Who I loved most was Tolstoy. In War and Peace the juvenile hero Nicholas is unhorsed on the battlefield. He comes to, sees the clouds, and soon a cloud of dust on the horizon. He slowly realizes the dust is a French rider coming to kill him. So he ponders, "Why would that man want to kill me, me, whom everyone has always so loved?" Tolstoy debunked the glory of war, which Dad saw as well.

I treasure books. One of the thrills of my life was finding my grandfather's collection of novels in a series of boxes in my grandmother's attic. He had all the works of Dickens, Thackery, Sir Walter Scott, Bullwer-Lytton, Fenimore Cooper, and Jane Austen. I read at least a dollop of them all, but only Jane Austen became part of me.

As Tookie told me, "You are who you read; you become who you write." I was a writer, even if I didn't actually write. Fiction is necessary: Without it we don't know what it feels like to be anyone except yourself, and therefore we don't really know what we are like, what effect others have on us. We aren't whole and we aren't connected.

I worshipped writers even though I didn't actually know one. I was a sportswriter for the Montgomery Advertiser, a travel writer for the Prattville Progress, and a movie reviewer for the college newspaper. But none of that counted. It wasn't fiction, it wasn't me, ushering readers into my life, my story, my view of things, my way of saying things.

I almost met a writer one time. During my psychiatric residency, I was taking a rotation at the state hospital in Milledgeville, 150 miles from Atlanta. My wife Betsy was at home with two small babies. I couldn't come home to Atlanta except on alternate weekends. Dr. Allen, who owned a private psychiatric hospital in town, was an old friend and colleague of Betsy's father. I'd never met him. He called to invite us to a dinner party for a few friends at his house. I explained that Betsy was stuck in Atlanta but I would try. Dr. Allen then asked me to do him a favor and bring another guest, "a crippled lady writer." For some reason that did not register with me.

As the time drew closer, I realized I couldn't miss a glimpse of my children no matter who had invited me to do whatever. I dreamed up a series of make-believe catastrophes that would make it absolutely impossible for me to be there. I gasped when Dr. Allen then said "Flannery will be so disappointed." I had just made it impossible for me to spend a few hours with one of the most exciting Southern gothic writers on the planet. Instead I got to spend a weekend with my family. I realized that was the choice I wished my father had made instead of going off to war and leaving us all, in one way or other, as casualties.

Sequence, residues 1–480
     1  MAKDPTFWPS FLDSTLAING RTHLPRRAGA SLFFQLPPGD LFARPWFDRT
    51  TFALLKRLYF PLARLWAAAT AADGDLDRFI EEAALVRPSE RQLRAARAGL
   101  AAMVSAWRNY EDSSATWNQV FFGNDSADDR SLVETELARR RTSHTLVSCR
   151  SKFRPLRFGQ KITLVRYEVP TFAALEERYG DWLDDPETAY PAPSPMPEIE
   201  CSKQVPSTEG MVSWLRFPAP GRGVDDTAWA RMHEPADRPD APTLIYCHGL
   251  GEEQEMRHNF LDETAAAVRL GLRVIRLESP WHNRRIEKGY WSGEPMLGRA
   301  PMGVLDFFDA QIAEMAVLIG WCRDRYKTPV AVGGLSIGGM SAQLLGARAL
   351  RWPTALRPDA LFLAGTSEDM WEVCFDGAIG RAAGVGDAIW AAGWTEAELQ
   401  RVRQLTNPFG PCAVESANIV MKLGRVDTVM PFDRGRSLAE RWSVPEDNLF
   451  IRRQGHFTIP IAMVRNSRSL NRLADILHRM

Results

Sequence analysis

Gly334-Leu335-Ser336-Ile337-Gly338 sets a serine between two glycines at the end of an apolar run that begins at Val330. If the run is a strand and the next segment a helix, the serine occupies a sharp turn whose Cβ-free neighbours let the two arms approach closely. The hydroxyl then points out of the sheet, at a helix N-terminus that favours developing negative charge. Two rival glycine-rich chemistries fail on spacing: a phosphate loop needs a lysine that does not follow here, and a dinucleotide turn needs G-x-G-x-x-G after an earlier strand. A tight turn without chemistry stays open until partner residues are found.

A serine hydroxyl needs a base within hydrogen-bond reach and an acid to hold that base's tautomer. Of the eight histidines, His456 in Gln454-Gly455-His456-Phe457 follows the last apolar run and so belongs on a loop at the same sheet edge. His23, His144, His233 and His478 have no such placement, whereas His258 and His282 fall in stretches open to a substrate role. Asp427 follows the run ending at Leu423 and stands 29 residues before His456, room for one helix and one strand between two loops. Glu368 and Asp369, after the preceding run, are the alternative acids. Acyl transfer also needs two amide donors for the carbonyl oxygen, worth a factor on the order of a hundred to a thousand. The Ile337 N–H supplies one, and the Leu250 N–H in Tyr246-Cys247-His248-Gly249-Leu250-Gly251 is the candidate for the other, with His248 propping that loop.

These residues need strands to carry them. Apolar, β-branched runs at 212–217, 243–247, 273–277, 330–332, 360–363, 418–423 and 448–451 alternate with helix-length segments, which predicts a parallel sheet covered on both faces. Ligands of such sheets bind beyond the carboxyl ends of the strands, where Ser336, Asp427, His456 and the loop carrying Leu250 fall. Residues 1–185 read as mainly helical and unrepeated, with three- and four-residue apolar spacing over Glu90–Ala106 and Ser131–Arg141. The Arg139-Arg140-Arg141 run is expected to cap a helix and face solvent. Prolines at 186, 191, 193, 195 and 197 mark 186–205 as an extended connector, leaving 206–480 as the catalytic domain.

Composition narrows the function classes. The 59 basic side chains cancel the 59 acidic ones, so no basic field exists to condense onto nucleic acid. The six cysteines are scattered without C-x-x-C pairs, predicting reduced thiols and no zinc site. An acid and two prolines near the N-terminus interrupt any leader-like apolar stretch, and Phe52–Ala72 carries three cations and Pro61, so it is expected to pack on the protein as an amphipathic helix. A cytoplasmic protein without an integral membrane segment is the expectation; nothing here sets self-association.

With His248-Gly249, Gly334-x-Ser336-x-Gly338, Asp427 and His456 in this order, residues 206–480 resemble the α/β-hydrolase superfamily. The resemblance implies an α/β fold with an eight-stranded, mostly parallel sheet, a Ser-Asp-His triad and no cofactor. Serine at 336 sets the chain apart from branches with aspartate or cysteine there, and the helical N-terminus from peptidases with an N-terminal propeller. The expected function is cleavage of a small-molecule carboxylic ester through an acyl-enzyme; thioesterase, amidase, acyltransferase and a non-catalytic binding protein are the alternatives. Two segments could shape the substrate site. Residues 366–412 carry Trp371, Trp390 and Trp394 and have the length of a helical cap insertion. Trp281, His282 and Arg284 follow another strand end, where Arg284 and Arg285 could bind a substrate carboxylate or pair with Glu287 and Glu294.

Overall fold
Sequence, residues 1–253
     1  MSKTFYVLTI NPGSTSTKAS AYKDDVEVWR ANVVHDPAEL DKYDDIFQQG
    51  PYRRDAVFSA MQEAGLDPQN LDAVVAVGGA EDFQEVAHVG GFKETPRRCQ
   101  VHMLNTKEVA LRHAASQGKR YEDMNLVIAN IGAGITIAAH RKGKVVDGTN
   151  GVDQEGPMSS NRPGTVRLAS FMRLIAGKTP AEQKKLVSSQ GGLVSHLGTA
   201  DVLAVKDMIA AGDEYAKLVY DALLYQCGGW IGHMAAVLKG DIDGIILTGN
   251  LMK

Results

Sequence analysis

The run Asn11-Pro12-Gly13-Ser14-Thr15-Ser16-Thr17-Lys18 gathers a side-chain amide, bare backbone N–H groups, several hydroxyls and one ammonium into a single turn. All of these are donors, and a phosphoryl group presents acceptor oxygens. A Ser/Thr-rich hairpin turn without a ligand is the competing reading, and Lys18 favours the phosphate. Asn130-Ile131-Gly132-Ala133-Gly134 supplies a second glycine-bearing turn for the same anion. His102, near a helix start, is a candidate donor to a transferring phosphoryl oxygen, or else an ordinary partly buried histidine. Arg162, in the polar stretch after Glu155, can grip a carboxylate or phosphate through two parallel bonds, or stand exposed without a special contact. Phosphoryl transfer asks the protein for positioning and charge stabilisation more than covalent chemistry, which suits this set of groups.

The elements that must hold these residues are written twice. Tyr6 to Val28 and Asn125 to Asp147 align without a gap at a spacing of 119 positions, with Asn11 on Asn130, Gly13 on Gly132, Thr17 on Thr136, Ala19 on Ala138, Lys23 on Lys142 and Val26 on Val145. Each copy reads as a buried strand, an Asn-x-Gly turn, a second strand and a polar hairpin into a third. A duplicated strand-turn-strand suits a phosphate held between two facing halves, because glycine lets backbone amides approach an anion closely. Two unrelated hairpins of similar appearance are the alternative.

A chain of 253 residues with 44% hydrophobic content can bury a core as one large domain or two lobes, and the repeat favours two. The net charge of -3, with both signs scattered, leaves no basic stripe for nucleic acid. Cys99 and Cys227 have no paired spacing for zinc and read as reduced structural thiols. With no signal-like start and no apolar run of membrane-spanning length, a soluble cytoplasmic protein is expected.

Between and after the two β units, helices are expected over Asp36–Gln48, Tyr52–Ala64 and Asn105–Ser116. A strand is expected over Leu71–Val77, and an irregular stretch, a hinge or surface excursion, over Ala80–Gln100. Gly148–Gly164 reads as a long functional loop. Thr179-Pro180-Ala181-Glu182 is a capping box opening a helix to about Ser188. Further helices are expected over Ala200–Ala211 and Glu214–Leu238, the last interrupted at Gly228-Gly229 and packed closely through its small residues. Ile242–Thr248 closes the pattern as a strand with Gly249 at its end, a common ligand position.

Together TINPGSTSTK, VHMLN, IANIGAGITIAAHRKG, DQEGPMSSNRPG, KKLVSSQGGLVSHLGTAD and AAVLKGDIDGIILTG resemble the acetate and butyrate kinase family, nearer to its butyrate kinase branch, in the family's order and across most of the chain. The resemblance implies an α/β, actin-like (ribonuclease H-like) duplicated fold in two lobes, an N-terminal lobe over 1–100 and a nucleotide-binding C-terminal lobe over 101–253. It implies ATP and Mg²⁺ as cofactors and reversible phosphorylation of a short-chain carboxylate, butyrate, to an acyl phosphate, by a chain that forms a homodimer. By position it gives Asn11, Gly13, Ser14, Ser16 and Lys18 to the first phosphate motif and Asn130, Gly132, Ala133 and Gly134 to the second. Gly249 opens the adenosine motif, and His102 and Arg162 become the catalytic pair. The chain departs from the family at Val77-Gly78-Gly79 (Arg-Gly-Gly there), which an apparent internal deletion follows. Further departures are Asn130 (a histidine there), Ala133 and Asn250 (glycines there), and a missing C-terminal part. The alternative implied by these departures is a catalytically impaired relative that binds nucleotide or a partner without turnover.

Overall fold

Flannery, if I might call her that after our aborted "date," wrote about the most notorious curses of the south: religion, pellagra, pride, and boll weevils. We all have a few stories to tell, but few of us can tell the stories so memorably as my friend Flannery.

An unexamined life is barely worth living. The South is a land of storytellers. I comfort myself by recalling my occasional brushes with greatness in some arena, like circus clowns, baseball players, and those who had been awakened from sleep by falling meteorites. There are people to whom stories happen but who can't tell the story well enough to make it memorable. They can thumb to the back of the book and see who lived and who died, who got the girl at the end, but knowing the plot is not knowing the story.

There are many untold stories here. Flannery O'Connor died later that year, not from being stood up by me, but from the lupus with which she had suffered for 10 years. Teddy, a sweet, gentle boy who loved war but seemed unsuited for it, went to Annapolis and died in a plane crash. Joe went back to his childhood girlfriend. Mother died of alcohol. Dad married Tookie and everyone read voraciously and lived together happily and briefly before they both died of lung cancer.

When my sister Joanna married, quite a crowd gathered. Teddy was one of four old boyfriends who showed up at her wedding to compete for her hand. She chose another flyboy instead. Betsy and I have been married 50 years, and she's currently reading Mother's copy of War and Peace, signed and dated 1942.

But I never completed the works of Sir Edward Bullwer-Lytton.

About the Author

Frank Pittman, M.D.

Frank Pittman, M.D., is a psychiatrist/family therapist in Atlanta., author, international lecturer and film critic.